Mail Online, September 2, 2010
Were Afghan schoolgirls who collapsed in classroom the victims of Taliban nerve gas attack?
Poisonous levels of organophosphates were found in samples taken from girls who became sick in incidents over the last two years
Blood samples taken from Afghan schoolgirls who collapsed in an apparent mass poisoning showed traces of toxic chemicals found in nerve gas, the Health Ministry said today.
Poisoned: Suspicion has fallen on the Taliban after traces of toxic chemicals found in nerve gas was found in the schoolgirls' blood
Suspicion has fallen on the Taliban, the hard-line Islamist militia that opposes education for women and prohibited girls from going to school before it was ousted in the 2001 U.S.-led invasion.
Poisonous levels of organophosphates were found in samples taken from girls who became sick in incidents over the last two years, ministry spokesman Dr Ghulam Sakhi Kargar said.
Samples from more recent cases, over the weekend, have been sent to Turkey for analysis and no results have been issued.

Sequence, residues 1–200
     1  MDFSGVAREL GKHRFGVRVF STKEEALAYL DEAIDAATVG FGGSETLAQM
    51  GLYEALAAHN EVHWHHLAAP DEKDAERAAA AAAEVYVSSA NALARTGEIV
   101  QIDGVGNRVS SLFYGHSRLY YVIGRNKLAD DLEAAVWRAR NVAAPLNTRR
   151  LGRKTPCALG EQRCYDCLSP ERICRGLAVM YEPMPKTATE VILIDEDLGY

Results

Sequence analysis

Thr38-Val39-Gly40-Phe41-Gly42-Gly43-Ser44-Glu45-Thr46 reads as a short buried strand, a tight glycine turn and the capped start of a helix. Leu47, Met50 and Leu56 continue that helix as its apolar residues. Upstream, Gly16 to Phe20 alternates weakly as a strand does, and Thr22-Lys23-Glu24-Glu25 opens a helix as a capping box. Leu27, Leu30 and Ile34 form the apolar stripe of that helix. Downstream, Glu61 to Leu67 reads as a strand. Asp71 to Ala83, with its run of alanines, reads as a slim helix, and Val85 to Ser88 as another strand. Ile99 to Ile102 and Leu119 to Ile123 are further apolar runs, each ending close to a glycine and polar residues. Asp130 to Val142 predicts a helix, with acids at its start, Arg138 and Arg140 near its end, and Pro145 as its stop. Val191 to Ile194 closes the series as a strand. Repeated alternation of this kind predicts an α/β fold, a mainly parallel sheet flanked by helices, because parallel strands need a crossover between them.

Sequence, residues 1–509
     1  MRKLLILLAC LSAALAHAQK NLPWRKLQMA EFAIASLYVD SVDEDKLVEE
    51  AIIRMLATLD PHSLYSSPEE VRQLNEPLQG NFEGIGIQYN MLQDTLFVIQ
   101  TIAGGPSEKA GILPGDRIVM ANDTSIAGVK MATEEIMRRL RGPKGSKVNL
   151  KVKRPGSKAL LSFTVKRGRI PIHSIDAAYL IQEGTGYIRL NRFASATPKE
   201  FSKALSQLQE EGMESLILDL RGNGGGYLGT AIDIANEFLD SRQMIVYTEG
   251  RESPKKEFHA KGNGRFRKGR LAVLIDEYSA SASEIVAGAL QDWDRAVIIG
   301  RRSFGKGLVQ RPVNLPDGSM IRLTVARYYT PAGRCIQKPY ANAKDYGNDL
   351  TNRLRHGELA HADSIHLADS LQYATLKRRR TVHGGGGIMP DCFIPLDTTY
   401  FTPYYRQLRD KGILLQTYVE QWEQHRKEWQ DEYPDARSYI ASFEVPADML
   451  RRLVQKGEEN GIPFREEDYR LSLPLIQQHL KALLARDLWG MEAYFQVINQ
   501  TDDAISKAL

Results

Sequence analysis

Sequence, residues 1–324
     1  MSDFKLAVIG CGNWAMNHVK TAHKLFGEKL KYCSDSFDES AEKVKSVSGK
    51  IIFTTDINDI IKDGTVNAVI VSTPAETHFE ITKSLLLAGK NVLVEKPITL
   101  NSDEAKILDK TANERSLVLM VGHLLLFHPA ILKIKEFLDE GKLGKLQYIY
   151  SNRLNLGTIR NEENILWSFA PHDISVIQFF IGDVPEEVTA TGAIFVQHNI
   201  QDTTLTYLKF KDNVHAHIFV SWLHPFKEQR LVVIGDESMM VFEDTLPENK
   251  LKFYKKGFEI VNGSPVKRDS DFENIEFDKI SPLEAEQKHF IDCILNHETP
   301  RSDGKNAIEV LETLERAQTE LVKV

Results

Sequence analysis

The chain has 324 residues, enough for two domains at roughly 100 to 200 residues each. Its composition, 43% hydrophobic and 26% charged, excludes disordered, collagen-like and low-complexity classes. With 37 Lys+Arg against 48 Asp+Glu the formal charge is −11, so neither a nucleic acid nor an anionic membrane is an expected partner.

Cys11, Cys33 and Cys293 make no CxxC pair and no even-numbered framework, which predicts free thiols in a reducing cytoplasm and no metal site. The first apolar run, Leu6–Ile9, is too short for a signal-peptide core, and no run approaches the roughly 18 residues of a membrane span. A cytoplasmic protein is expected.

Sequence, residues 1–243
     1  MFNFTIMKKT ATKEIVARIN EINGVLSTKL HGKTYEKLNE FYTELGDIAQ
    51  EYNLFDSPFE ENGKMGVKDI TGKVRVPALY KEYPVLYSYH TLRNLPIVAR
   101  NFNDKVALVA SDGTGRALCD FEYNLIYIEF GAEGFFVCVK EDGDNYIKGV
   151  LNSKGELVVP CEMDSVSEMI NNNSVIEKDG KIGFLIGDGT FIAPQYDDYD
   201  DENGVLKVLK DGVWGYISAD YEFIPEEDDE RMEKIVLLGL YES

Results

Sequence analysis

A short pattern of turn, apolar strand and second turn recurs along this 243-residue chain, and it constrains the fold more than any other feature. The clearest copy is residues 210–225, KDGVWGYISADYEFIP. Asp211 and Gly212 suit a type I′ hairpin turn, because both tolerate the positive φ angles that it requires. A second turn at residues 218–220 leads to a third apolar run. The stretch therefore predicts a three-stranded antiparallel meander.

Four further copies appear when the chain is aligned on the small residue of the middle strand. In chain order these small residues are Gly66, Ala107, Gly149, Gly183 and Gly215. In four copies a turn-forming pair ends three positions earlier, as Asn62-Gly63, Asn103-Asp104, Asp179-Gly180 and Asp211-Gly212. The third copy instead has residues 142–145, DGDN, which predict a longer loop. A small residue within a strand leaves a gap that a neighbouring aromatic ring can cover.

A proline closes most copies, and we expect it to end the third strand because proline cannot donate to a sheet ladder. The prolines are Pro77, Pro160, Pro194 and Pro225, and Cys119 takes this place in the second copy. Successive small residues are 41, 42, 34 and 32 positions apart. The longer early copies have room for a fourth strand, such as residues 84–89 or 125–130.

Last month, 48 pupils and teachers at Kabul's Zabihullah Esmati High School and 60 students and teachers at the Totia Girls School were hospitalised after fainting or complaining of breathing problems, dizziness and nausea.
The youngsters said they began feeling unwell after being exposed to an unknown gas spreading through classrooms.
Most were released within hours and it remains unclear how the gas spread.
Organophosphates, which are also present in herbicides and pesticides, are the active ingredients of deadly nerve gases such as sarin and VX and even low-level exposure can damage the nervous system.
Signs of organophosphate poisoning include headache, tiredness, upset stomach and breathing trouble, all similar to the symptoms shown by the students and teachers at the Kabul schools.
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